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Arrest made in shooting that prompted New Mexico 911 dispatcher to resign

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Police in New Mexico have arrested the 18-year-old son of a state lawmaker in connection with a drive-by shooting that made headlines after it was revealed that an emergency services dispatcher had hung up on a teenage girl who was trying to assist the victim.

Note: strong language in paragraph 10.

Seventeen-year-old Jaydon Chavez-Silver died in the June shooting in Albuquerque and the 911 dispatcher, Matthew Sanchez, resigned late last month. On Saturday, Albuquerque police said they had arrested the suspected shooter in the case, Donovan Maez of Albuquerque, late Friday night.

Stephanie Maez, a Democrat from Albuquerque, confirmed Saturday that her son had been arrested.

“Donovan is my son and I love him very very much,” Maez said in a statement. “My heart is aching today and I am waiting to see how this difficult situation develops. As we go forward, the love of my family and my faith in God will see us through.”

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According to a criminal complaint filed against Maez, Chavez-Silver was at a house party with 16 others when about 10 shots were fired at the house in northeast Albuquerque.

Chavez-Silver, sitting on a kitchen counter, was the only person hit by a bullet. It struck him above the right collar bone.

The complaint did not offer a firm motive for the shooting, but police said there is no indication Chavez-Silver was the intended target.

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The incident sparked controversy last month after the Albuquerque Fire Department released a tape of a 911 emergency call in which Sanchez is heard to tell a female caller to “deal with it herself” as she seeks help for a shooting victim.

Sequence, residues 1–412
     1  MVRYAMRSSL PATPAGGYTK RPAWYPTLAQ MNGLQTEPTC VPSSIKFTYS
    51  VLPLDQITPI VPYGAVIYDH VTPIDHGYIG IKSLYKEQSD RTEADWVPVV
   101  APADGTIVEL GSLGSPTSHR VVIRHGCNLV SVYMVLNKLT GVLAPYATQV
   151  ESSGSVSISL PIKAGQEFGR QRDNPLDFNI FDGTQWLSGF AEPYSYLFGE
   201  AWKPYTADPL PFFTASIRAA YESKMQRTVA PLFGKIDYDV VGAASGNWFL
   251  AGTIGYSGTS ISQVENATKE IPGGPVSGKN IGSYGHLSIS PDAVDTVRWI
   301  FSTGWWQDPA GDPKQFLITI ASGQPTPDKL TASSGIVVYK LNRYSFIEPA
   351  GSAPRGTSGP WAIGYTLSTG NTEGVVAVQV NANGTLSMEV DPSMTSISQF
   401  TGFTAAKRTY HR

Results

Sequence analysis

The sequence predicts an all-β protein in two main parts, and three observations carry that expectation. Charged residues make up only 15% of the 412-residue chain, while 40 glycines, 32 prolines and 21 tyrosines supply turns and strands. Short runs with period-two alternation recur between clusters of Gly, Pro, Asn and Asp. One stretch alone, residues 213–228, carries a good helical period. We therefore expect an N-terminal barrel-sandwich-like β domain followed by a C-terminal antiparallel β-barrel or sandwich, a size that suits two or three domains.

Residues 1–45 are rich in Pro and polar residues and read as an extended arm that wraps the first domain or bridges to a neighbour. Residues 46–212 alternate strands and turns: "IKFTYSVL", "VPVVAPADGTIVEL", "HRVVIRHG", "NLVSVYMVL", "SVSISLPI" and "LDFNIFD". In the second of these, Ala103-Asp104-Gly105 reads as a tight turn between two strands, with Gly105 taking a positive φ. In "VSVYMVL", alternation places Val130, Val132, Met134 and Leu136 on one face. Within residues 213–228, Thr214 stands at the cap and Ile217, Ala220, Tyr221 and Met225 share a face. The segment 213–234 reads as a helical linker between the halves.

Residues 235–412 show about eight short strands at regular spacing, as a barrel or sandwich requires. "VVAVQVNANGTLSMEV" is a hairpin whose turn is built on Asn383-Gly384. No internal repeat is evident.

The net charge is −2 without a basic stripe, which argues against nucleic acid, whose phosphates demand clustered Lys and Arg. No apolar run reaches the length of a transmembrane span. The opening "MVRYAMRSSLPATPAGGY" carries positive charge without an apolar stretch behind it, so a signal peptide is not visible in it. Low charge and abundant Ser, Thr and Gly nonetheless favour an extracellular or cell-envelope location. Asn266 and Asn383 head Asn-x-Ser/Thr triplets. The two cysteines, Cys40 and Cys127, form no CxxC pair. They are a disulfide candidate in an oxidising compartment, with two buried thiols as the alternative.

The caller had told Sanchez she was doing cardiopulmonary resuscitation on the male. Sanchez twice asked if the teenager was breathing, according to a recording of the call released to the media.

“He’s barely breathing. How many times do I have to fucking tell you?” the caller said.

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“OK, you know what ma’am? You could deal with it yourself. I’m not gonna deal with this, OK?,” he said, before hanging up on her.

Esperanza Quintero, 17, told Albuquerque television station KOAT that she was the 911 caller.

“Being on the phone and getting hung up on, that just made me more upset,” she told the station.

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Chavez-Silver was later taken to a hospital where he was pronounced dead, police said.


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Christine Lagarde resigns as head of IMF

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International Monetary Fund chief Christine Lagarde submitted her resignation from the global crisis lender on Tuesday, citing more clarity about her nomination to lead the European Central Bank as European legislators approved a new top bureaucrat.

Lagarde said in a statement her resignation was effective Sept. 12, firing the starting gun for the IMF’s search for her successor, which is likely to be another European.

“With greater clarity now on the process for my nomination as ECB President and the time it will take, I have made this decision in the best interest of the Fund,” Lagarde said in a statement.

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Wary US swimmers share waves with deadly sharks off Cape Cod

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At the entrance to Newcomb Hollow Beach, at the tip of the Cape Cod peninsula, the picture of a great white shark reminds swimmers that the US shores of the Atlantic must be shared with the ocean's most feared predator.

The great whites swim to this region in the northeastern United States to hunt for one of their preferred foods -- seals.

Since the Marine Mammal Protection Act was passed in 1972 the number of seals in Cape Cod has grown to more than 50,000.

In 2005 the great whites were declared a protected species in the state of Massachusetts -- where Cape Cod is located -- and have since become regular visitors to the region.

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Disney heiress who went undercover to Disneyland ‘livid’ at conditions and pay

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Heiress Abigail Disney went to one of her family's resorts to see conditions for workers herself and was disgusted by what she saw.

In comments to Yahoo News podcast "Through Her Eyes," Disney described how she went to Disneyland in California undercover and found that workers at the resort were treated poorly—and underpaid.

"Every single one of these people I talked to were saying, 'I don't know how I can maintain this face of joy and warmth when I have to go home and forage for food in other people's garbage,'" said Disney.

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